On Wednesday, masked protesters threw rocks, garbage and Molotov cocktails at riot police, who responded by launching the tear gas and charging forward with their batons. Scuffles also took place in side streets. Windows at high-end retailers such as Brooks Brothers and Cartier were protected by security screens, but protesters smashed windows at ATMs, hotels, and tore up marble from steps and walls to use as ammunition.

“Greek society is going up like a volcano,” Costas Karategos, a private-sector computer programmer, said as he watched protesters fill the streets mid-morning Wednesday.

More: Does Greece have a future?

“The main problem is the insecurity of the Greek people,” Karategos said. “We make sacrifices but there’s no light at the end of the tunnel. This can’t continue. All the state buildings are under occupation. The garbage is in the street. They must go to elections. It’s not the best, but they must do something.”

Debt-ridden Greece is desperately trying to stave off bankruptcy with the help of fellow European countries and the International Monetary Fund. But the international lenders have pushed Greece to make drastic reforms in exchange for the bailout loans.

European Union leaders are under pressure to finally hammer out a long-term solution to the Greek debt crisis at this weekend’s euro zone summit. Fears are mounting that the crisis could spill over to other European countries.

Papandreou’s socialist party (PASOK) has slashed generous pensions, cut salaries and raised taxes since confronting a $400 billion debt upon taking office two years ago.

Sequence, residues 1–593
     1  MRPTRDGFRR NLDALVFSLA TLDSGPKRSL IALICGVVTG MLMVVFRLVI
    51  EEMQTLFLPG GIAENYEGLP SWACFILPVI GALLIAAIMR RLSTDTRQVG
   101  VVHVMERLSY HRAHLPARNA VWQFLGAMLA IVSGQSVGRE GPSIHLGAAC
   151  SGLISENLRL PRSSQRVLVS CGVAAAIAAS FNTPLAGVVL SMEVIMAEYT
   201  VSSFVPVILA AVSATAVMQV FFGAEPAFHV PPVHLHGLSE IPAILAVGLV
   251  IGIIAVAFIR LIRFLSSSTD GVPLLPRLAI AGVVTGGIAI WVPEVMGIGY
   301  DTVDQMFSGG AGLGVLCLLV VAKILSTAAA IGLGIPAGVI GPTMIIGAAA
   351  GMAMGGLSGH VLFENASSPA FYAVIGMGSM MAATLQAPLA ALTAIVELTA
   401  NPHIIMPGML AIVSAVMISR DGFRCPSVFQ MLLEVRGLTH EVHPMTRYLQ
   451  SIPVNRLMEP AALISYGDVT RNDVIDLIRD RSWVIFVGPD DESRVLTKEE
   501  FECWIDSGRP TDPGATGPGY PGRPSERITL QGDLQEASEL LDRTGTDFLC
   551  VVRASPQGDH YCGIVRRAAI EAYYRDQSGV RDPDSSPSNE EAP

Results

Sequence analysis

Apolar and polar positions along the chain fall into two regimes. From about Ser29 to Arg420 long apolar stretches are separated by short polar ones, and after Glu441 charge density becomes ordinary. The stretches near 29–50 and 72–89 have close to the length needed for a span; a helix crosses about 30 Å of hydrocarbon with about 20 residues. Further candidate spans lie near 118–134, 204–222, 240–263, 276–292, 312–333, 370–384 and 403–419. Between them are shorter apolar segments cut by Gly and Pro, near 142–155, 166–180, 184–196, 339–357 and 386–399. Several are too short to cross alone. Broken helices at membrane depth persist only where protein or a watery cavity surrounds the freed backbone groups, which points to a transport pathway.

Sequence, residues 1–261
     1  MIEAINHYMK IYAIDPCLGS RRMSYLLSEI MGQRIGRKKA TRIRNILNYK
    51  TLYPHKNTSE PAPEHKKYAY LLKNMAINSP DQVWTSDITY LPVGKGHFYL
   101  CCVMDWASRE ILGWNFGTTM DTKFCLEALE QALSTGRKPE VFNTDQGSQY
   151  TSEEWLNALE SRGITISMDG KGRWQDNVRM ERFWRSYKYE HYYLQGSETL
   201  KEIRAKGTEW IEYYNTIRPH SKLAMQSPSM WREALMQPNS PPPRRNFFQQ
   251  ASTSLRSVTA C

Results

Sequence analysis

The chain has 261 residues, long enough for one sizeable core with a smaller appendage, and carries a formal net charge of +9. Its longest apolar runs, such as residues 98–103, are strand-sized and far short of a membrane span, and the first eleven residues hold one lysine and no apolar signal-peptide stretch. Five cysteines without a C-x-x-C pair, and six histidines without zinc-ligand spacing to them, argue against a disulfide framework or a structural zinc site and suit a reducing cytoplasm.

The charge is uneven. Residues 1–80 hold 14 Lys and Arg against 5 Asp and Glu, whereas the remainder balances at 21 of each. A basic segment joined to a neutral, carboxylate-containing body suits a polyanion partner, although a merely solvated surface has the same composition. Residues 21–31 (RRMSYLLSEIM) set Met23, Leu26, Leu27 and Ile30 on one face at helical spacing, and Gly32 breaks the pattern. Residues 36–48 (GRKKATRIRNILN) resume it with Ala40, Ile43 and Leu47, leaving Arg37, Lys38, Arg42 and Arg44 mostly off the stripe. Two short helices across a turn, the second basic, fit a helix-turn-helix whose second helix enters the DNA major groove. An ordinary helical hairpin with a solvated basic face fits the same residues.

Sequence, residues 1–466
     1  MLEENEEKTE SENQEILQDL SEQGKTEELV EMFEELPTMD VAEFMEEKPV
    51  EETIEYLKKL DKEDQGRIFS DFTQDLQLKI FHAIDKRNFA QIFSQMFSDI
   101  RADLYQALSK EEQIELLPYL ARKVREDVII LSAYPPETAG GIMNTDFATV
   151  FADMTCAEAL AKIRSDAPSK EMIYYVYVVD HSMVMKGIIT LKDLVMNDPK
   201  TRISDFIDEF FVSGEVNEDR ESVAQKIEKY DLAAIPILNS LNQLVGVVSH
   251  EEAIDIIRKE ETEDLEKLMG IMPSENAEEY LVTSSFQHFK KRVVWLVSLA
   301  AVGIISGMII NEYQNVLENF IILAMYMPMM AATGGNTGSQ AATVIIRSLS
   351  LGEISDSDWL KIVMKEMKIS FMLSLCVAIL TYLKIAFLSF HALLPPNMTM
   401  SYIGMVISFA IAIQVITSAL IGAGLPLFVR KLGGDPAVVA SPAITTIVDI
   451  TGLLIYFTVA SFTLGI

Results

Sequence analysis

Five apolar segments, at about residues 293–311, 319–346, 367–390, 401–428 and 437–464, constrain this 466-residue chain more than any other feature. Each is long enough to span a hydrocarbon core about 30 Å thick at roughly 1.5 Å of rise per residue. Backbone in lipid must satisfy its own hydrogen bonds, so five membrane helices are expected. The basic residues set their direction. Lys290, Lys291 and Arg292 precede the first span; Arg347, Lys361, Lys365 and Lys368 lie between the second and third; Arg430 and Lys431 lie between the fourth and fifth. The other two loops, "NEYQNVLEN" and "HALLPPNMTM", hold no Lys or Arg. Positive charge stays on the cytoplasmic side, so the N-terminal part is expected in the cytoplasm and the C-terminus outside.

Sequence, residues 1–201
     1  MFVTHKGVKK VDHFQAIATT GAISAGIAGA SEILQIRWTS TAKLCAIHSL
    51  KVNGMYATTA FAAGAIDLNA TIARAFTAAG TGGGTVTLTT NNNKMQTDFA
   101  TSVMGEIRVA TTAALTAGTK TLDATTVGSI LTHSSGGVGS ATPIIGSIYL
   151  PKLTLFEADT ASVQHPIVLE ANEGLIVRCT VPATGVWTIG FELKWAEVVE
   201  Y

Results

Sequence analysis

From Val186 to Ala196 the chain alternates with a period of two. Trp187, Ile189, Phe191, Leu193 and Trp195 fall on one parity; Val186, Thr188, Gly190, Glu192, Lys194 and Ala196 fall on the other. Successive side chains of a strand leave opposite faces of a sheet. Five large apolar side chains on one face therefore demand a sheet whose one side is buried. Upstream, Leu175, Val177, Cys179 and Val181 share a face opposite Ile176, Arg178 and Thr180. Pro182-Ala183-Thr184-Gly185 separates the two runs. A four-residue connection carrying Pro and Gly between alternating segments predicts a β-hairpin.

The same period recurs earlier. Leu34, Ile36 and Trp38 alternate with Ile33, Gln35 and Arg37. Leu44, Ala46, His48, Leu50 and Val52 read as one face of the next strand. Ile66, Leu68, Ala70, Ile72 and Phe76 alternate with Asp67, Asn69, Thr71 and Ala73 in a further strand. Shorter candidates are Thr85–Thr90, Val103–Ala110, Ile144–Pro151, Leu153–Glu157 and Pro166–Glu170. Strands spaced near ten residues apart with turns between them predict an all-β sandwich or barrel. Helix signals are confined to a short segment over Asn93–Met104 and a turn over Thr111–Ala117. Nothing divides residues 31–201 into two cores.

More: Greece says "Don't blame us"

The austerity measures up for final approval Thursday are critical for Greece’s next, $11 billion installment of a $150 billion loan negotiated in May 2010.

But for a society accustomed to government largesse, the speedy u-turn by their socialist leader has been deemed too harsh. Unemployment has reached 16.5 percent, and the economy forecast to shrink by 5.5 percent this year.

“Wanted” posters featuring dual images of Papandreou and Finance Minister Evangelos Venizelos were seen throughout downtown Wednesday.

One couple walking past the Bank of Greece proudly smiled for photos in front of a cement wall plastered with the “Wanted” posters. Many more protesters carried similar placards.

Tensions have been mounting for weeks. Local media reported recently that three bullets were mailed to the PASOK headquarters, with a threatening note. The head of the union of striking garbage collectors claimed there will be “blood in the streets” if the government tries to hire private firms to pick up the trash.

While protesters packed Syntagma Square beyond the front steps of Parliament, riot police positioned their large blue Renault buses at key intersections in the neighborhood behind the building.

On one street, garbage that has been spilling into streets because of the lengthy strike by trash collectors served as a makeshift police barricade, blocking a sidewalk.

Papandreou, in a speech to parliament Tuesday night, pleaded for national unity and to “stop the recrimination.”

But hours later, hope for a last-minute truce before the key vote faded. Papandreou and opposition leader Antonis Samaras of the center-right New Democracy party met briefly but failed to reach consensus.

Looking at the crowds Wednesday, 30-year-old Yiannis, who did not want his last name published, said people are desperate. With a degree in finance, he is unemployed and said there are few prospects, even for entry-level sales jobs.

“The reforms are so radical,” he said as angry protesters marched past him. “Tell me, are all of these people wrong? We’ll see.”